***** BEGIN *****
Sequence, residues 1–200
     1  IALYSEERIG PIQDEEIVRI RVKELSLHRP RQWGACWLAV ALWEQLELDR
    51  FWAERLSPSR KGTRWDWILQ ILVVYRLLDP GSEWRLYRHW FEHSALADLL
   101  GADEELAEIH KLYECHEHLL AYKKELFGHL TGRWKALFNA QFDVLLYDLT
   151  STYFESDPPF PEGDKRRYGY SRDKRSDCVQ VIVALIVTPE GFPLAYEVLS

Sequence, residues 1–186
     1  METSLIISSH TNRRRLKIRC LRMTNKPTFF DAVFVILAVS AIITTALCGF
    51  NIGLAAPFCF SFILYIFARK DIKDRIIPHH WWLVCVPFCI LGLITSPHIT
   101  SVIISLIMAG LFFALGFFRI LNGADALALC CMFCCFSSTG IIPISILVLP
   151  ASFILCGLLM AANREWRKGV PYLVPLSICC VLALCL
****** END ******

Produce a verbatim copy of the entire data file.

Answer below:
Sequence, residues 1–200
     1  IALYSEERIG PIQDEEIVRI RVKELSLHRP RQWGACWLAV ALWEQLELDR
    51  FWAERLSPSR KGTRWDWILQ ILVVYRLLDP GSEWRLYRHW FEHSALADLL
   101  GADEELAEIH KLYECHEHLL AYKKELFGHL TGRWKALFNA QFDVLLYDLT
   151  STYFESDPPF PEGDKRRYGY SRDKRSDCVQ VIVALIVTPE GFPLAYEVLS

Sequence, residues 1–186
     1  METSLIISSH TNRRRLKIRC LRMTNKPTFF DAVFVILAVS AIITTALCGF
    51  NIGLAAPFCF SFILYIFARK DIKDRIIPHH WWLVCVPFCI LGLITSPHIT
   101  SVIISLIMAG LFFALGFFRI LNGADALALC CMFCCFSSTG IIPISILVLP
   151  ASFILCGLLM AANREWRKGV PYLVPLSICC VLALCL